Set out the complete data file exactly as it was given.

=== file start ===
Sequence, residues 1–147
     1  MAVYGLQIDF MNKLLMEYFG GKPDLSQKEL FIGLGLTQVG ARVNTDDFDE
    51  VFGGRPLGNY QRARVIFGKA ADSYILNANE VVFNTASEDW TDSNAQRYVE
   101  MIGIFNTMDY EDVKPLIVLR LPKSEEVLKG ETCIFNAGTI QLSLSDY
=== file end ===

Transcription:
Sequence, residues 1–147
     1  MAVYGLQIDF MNKLLMEYFG GKPDLSQKEL FIGLGLTQVG ARVNTDDFDE
    51  VFGGRPLGNY QRARVIFGKA ADSYILNANE VVFNTASEDW TDSNAQRYVE
   101  MIGIFNTMDY EDVKPLIVLR LPKSEEVLKG ETCIFNAGTI QLSLSDY